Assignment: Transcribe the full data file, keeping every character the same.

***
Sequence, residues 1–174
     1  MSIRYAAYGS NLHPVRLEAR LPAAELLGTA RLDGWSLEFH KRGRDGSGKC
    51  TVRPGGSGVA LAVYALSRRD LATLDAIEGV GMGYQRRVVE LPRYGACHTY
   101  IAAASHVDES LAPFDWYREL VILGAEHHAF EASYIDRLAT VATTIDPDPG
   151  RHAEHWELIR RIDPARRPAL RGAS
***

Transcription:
Sequence, residues 1–174
     1  MSIRYAAYGS NLHPVRLEAR LPAAELLGTA RLDGWSLEFH KRGRDGSGKC
    51  TVRPGGSGVA LAVYALSRRD LATLDAIEGV GMGYQRRVVE LPRYGACHTY
   101  IAAASHVDES LAPFDWYREL VILGAEHHAF EASYIDRLAT VATTIDPDPG
   151  RHAEHWELIR RIDPARRPAL RGAS